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05-08-2014, 08:08 PM
  #379
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Hasek without a doubt for me. If the Wings had Hasek throughout the 90's they may have won a couple more.

Roy is a close second and I'm not even sure why Brodeur is being compared to these two.

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Old
05-08-2014, 09:38 PM
  #380
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For one playoffs in their prime? The only answer is Hasek.

To build a team around? Roy.

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05-08-2014, 10:40 PM
  #381
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Originally Posted by The Gourmet View Post
For one playoffs in their prime? The only answer is Hasek.

To build a team around? Roy.
So do you believe Roy's prime was longer or he peaked higher?

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05-09-2014, 03:13 AM
  #382
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Originally Posted by DyerMaker66 View Post
Even Devan Dubnyk has more saves than Mario Lemieux has goals.
The funny thing is that I had to check

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05-09-2014, 06:44 AM
  #383
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Originally Posted by chet1926 View Post
Pretty easy to say Roy, 3 Conn Smythe trophies and 4 Stanley Cups. Compared to 2 Cups and 0 Conn Smythe trophies for Hasek.

When it mattered the most Roy got the job done more times than Hasek. And in the end winning is all that matters for a goalie.
The best ever goalie doesn't account solely in playoff stats or NHL careers. Hasek was dominate before he enter the NHL and by your criteria talent is judged by post season performance. Many great players have never won one cup.

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05-09-2014, 08:04 AM
  #384
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Originally Posted by Devilshark View Post
Roy, Hasek, Brodeur in that order.

Marty has the best #s, but he also had one of the best Defenses in NHL history in front of him for a large portion of his career. Had he seen more shots and his numbers stayed relatively the same, it wouldn't even be a debate.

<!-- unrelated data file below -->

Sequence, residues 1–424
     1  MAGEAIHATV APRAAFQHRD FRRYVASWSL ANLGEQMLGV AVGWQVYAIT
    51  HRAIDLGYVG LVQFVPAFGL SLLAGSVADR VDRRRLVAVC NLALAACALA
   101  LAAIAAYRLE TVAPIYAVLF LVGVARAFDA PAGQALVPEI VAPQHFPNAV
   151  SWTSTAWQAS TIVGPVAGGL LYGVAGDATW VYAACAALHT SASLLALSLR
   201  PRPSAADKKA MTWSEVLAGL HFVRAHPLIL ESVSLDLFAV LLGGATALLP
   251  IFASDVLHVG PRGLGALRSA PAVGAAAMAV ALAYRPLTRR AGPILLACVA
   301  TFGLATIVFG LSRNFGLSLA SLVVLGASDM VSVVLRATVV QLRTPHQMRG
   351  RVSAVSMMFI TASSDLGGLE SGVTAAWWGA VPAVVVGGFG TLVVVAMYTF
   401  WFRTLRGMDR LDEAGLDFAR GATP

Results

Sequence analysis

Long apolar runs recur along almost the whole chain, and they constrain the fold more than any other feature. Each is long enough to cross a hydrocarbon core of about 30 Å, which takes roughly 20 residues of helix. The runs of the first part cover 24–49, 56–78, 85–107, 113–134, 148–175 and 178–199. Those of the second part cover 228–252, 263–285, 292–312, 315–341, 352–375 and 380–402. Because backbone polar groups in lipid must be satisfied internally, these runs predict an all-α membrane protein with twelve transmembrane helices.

His save % went up after the departure of Stevens and Neidermeyer until old age caught up with him. I'd say that is proof enough.

Brodeur constantly adapted his style, but if he had played Butterfly his whole career his SV% would have been much higher.

Players have said that it was tough facing Brodeur in his prime because he didn't know what he would do. He was very unpredictable in how he made the saves.

I don't mind you guys putting Brodeur behind Roy and Hasek, but to put him in a distant third is an extreme insult. Neither Roy nor Hasek played the puck all that well. Marty was a 3rd defensemen back there and was a major reason why they saw so few shots against in NJ.

His backups often saw more shots. That's not a coincidence. Several of his D-men have said their careers lasted a few years more than they expected because Marty saved them from the wear and tear of the forecheck.


Last edited by MoonDragn: 05-09-2014 at 08:17 AM.
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05-09-2014, 10:24 AM
  #385
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Originally Posted by MoonDragn View Post
His save % went up after the departure of Stevens and Neidermeyer until old age caught up with him. I'd say that is proof enough.

Brodeur constantly adapted his style, but if he had played Butterfly his whole career his SV% would have been much higher.

Players have said that it was tough facing Brodeur in his prime because he didn't know what he would do. He was very unpredictable in how he made the saves.

I don't mind you guys putting Brodeur behind Roy and Hasek, but to put him in a distant third is an extreme insult. Neither Roy nor Hasek played the puck all that well. Marty was a 3rd defensemen back there and was a major reason why they saw so few shots against in NJ.

His backups often saw more shots. That's not a coincidence. Several of his D-men have said their careers lasted a few years more than they expected because Marty saved them from the wear and tear of the forecheck.
It is most definitely not an insult. The history of hockey more than 100 years. There has been a lot of great goalies. Brodeur not being the third best of all-time is not an insult. Being the fifth best looking woman on earth doesn't mean you are ugly. Roy and Hasek are on their own tier. Then come the likes of Hall, Plante, Sawchuk, Dryden Brodeur, Tretiak. It is not an insult to be in the same tier as those guys. Although Plante might be closer to Hasek and Roy than Hall and Sawchuk.

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05-09-2014, 10:51 AM
  #386
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Originally Posted by MoonDragn View Post
His save % went up after the departure of Stevens and Neidermeyer until old age caught up with him. I'd say that is proof enough.

Brodeur constantly adapted his style, but if he had played Butterfly his whole career his SV% would have been much higher.

Players have said that it was tough facing Brodeur in his prime because he didn't know what he would do. He was very unpredictable in how he made the saves.

I don't mind you guys putting Brodeur behind Roy and Hasek, but to put him in a distant third is an extreme insult. Neither Roy nor Hasek played the puck all that well. Marty was a 3rd defensemen back there and was a major reason why they saw so few shots against in NJ.